When I hung up the phone, I was again humbled with how willing everyone was to help with this hunt. I felt blessed to have friends who love to hunt and for their friends who all understood the significance of this dream tag.
The next few weeks I made sure my gear was “moose-ready” and practiced shooting every day. I booked the cabin Jim suggested near the trailhead, which would be my home when the season opened on September 1. I booked my flight to Gillette, where I would use one of Doug’s trucks for the hunt. I had also drawn a mule deer tag for the area around Gillette, so the plan was if I was successful with moose early, I’d drive back to Gillette and spend a couple days hunting muleys.
A couple days prior to the trip, Jim called. I was excited to hear if he had located any nice bulls. Jim spoke quietly on the phone as he told me had been sick with COVID. He said he was feeling better, but he had not been able to do any scouting. His main concern was that he was supposed to quarantine through September 1 — the opener. Since I would be in Gillette with a mule deer tag on opening day, the new plan was for me to hunt September 1 for deer and then drive to the cabin after the morning hunt and meet Jim.
While checking into my cabin, the guy at the front desk asked if I had an ATV or a trailer to park. When I responded that I was hunting, he looked at me and said, “I hope you get a moose early, because this coming weekend is Labor Day weekend and campers and ATVs are jammed tight up here, which may affect your hunting for a few days.”
I unloaded my gear and waited at a restaurant for Jim to arrive. When Jim walked in, he said that even though he didn’t have many moose spotted, he was confident we’d find some good bulls.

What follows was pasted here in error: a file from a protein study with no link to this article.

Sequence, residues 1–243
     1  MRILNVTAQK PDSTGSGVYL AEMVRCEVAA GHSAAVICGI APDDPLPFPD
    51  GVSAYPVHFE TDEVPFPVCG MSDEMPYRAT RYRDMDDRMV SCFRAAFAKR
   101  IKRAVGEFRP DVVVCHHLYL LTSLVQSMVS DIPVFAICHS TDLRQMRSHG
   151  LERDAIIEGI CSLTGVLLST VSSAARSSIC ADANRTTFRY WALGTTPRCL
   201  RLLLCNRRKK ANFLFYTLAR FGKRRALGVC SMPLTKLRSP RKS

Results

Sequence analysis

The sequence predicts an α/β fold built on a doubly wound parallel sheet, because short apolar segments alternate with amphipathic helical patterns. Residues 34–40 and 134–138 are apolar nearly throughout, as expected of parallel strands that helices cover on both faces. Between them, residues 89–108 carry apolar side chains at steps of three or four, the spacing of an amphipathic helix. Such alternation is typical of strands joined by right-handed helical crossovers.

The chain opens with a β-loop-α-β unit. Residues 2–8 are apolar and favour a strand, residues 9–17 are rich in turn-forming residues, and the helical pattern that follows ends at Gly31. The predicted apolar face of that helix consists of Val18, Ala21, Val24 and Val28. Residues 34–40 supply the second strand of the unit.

I asked him about the ATV traffic for the upcoming weekend. He laughed and said, “It gets crazy up here, with so many campers and ATVs, but don’t worry, we will have a good plan by then.”
As we finished dinner, my phone rang. It was Bryon. His Governor’s Tag bowhunter had been successful on a Boone and Crockett-class bull that morning. He said the burn areas made the moose a little more difficult to find, but there were lots of big bulls around.
The words he spoke next floored me. “We’ve located another B&C-class bull and I’m texting you a picture of him,” Bryon told me. “The bull started shedding his velvet this morning and will probably start searching for cows tomorrow. If you and Jim are up for it, we can give it a try in the morning. Meet you at your cabin at 5 a.m.”
Jim was ecstatic and told me that Bryon and his crew are the best in the state when it comes to big Shiras moose. I couldn’t believe my luck!
I was up early the next morning and had my gear on the porch ready to go as four trucks pulled up and six guys jumped out. After a quick introduction, one of Bryon’s guides, James, showed me more photos and video of the bull we would be targeting that morning…and he was big!
The plan was for us to go to where the bull had been hanging out for the past couple of days. There we would set up and glass at first light. If we spotted him and he was in a good spot, we’d try to stalk him.
After a 30-minute truck ride, we pulled off the road. The guys all set up to glass, some using binoculars and others with spotting scopes.
It was still grey light and limited visibility when someone said, “There he is, and he has two cows and another bull with him already.”
We jumped back into the trucks and drove to the access point closest to where the bull was still bedded. We entered the area along a clearcut the Forest Service made during the fire. The moose were bedded in a swampy area with standing water. The plan was for three of us to slip along the edge of the clearcut, where our approach would be quieter. One of the guys was there as an extra set of eyes, and the other carried a cow moose decoy in case we got spotted.